Table 1 summarizes the case reports that we were able to find. There were 13 patients (seven men and six women), and the median age was 57 years (range of 42 to 75). The median interval between stoma formation and presenting adenocarcinoma was 25 years (range of nine to 42). None of the patients had lymph node metastasis at the time of presentation. Three patients showed local skin invasion (23%). No deaths were recorded after three years of follow-up. However, two patients had a recurrence that was excised locally. The treatment was constant in all cases and included en bloc resection of the terminal ileum with its mesentery, surrounding stoma skin, and relocation of a new ileostomy. Our patient was followed up to 18 months without evidence of malignant recurrence. However, she developed a benign adenomatous polyp, which was locally excised with refashioning of the stoma.
Table 1

Primary adenocarcinoma of an ileostomy in familial adenomatous polyps

Study

Age, years

Sex

Duration, years

Tumor description

Lymph nodes

Pathology

Follow-up

Roth and Logio [8] (1982)

44

Male

9

Ulcerating polypoid mass 2 × 3 cm

N

Moderately differentiated adenocarcinoma

involving the ileostomy skin

Not stated

Ross et al. [9] (1987)

56

Female

32

Raised mass 12 × 12 cm

N

Mucinous adenocarcinoma

22 months

Primrose et al. [10] (1988)

72

Female

25

Friable mass

N

Well-differentiated adenocarcinoma

two years

Suarez et al. [4] (1988)

40

Male

29

Polypoid mass

N

Moderately differentiated adenocarcinoma

with mucocutaneous invasion

one year

Gilson and Sollenberger [11] (1992)

69

Male

40

Mass 2 × 5 cm

N

Moderately differentiated mucinous adenocarcinoma

two years

Johnson et al. [12] (1993)

65

Male

25

Polypoid exophytic mass 3.5 × 3 cm

N

Well-differentiated adenocarcinoma

one year

Lux et al. [1] (1993)

42

Male

15

Mass 12 × 12 cm

N

Well-differentiated adenocarcinoma

Not stated

Mimura et al. [13] (1999)

54

Male

21

Polypoid mass 6 × 4 × 2 cm

N

Well-differentiated adenocarcinoma

three years

Iizuka et al. [14] (2002)

55

Female

14

Polypoid mass extending from 1 to 9 o'clock

N

Well-differentiated adenocarcinoma

23 months

Hata et al. [15] (2003)

57

Female

42

Circumferential cauliflower-like polyps

N

Well-differentiated to moderately differentiated adenocarcinoma in adenoma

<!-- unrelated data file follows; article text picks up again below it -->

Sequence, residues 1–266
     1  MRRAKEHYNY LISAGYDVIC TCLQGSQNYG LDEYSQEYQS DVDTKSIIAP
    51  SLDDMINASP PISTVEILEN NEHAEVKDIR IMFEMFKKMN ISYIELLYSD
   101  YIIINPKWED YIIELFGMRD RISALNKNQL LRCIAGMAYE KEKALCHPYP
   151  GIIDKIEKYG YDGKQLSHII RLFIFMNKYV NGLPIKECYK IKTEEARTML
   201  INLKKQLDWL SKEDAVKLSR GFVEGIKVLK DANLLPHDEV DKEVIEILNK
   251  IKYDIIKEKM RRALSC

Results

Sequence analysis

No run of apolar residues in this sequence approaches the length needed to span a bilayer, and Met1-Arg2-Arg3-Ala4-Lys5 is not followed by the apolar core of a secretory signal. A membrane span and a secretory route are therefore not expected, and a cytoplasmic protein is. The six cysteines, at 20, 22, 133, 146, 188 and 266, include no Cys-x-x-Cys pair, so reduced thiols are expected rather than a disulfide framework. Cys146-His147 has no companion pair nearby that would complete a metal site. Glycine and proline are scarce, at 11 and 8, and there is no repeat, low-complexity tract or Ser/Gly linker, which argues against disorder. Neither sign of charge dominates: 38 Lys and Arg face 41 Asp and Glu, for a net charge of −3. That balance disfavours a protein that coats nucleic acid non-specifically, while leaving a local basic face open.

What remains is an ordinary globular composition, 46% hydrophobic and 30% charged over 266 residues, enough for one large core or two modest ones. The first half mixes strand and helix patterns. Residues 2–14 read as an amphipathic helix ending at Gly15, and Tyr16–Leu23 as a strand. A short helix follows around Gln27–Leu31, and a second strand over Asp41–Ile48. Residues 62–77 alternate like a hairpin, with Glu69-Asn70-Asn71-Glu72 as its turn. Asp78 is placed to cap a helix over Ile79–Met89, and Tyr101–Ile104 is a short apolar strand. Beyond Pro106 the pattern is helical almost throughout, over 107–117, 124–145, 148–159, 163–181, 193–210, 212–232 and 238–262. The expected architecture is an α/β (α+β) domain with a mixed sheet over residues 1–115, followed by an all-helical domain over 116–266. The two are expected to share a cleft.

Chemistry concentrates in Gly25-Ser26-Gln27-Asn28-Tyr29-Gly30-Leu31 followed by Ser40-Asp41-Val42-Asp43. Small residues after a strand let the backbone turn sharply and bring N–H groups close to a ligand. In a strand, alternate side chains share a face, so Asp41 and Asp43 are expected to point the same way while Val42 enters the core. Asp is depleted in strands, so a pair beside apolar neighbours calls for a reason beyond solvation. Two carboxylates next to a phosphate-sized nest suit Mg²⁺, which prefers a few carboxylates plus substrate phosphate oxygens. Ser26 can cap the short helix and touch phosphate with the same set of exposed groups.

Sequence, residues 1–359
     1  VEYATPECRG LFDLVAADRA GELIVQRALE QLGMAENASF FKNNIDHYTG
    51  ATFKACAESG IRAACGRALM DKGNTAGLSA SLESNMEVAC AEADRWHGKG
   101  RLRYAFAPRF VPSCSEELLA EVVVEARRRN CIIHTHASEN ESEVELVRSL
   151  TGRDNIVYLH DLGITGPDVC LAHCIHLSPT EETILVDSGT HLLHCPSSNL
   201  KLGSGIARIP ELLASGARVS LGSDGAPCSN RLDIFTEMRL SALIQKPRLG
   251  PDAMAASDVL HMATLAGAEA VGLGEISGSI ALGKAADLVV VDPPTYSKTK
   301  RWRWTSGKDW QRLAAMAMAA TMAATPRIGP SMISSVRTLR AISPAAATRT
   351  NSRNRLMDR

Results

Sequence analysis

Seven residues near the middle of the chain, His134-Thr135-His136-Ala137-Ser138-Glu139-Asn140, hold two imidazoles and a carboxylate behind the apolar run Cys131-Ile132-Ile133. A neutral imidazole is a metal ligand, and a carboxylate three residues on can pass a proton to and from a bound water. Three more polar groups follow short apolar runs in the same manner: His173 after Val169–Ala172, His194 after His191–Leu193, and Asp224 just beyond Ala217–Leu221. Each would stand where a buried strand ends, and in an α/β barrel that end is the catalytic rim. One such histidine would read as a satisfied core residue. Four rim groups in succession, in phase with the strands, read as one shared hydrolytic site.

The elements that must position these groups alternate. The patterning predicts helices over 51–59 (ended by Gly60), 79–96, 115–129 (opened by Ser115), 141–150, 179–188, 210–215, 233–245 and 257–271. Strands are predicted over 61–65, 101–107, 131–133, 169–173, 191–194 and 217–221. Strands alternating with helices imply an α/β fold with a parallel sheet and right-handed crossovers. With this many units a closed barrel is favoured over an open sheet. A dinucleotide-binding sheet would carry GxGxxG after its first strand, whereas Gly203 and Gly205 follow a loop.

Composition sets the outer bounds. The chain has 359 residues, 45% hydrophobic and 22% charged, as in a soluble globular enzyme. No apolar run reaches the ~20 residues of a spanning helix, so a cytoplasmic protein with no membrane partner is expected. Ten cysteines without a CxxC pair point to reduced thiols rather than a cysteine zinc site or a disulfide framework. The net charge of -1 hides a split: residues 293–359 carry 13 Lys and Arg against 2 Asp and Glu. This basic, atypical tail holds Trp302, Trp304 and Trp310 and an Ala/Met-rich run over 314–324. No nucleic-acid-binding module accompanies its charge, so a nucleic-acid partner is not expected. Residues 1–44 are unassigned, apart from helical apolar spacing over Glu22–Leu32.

two years

Shenoy and Cassim [16] (2009)

60

Male

24

Polypoid mass

N

Adenocarcinoma in tubulovillous adenoma

Not stated

Matsushima [17] (2009)

75

Female

Not stated

Fungating mass

N

Well-differentiated adenocarcinoma

32 months

Present case (2010)

59

Female

34

Circumferential polypoid neoplasm 4.5 cm

N

Moderately differentiated mucinous adenocarcinoma infiltrating the deep dermis

one year

This table summarizes 13 case reports of primary adenocarcinoma of an ileostomy in familial adenomatous polyps. N, negative.

Conclusions

The number of reported cases for primary adenocarcinoma following panproctocolectomy for FAP is small. Nevertheless, it is expected that the numbers will increase in longstanding ileostomies in parallel with the duration of the stoma. Patient education and medical examination of the stoma should be implemented early with the need of designing a surveillance protocol for early detection and management of ileal adenomas, especially in longstanding stomas. Surgery should include an en bloc resection of the ileum with a generous margin of the surrounding skin and relocation of the stoma.

Consent

Written informed consent was obtained from the patient for publication of this case report and any accompanying images. A copy of the written consent is available for review by the Editor-in-Chief of this journal.

Abbreviations

EGD: 

esophagogastroduodenoscopy

FAP: 

familial adenomatous polyposis.

Declarations

Acknowledgements

We would like to acknowledge M Madkour, who participated in patient care and helped in delivering data to the patient.

Authors’ Affiliations

(1)
Withybush General Hospital
(2)
Whittington Hospital

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© Hammad et al; licensee BioMed Central Ltd. 2011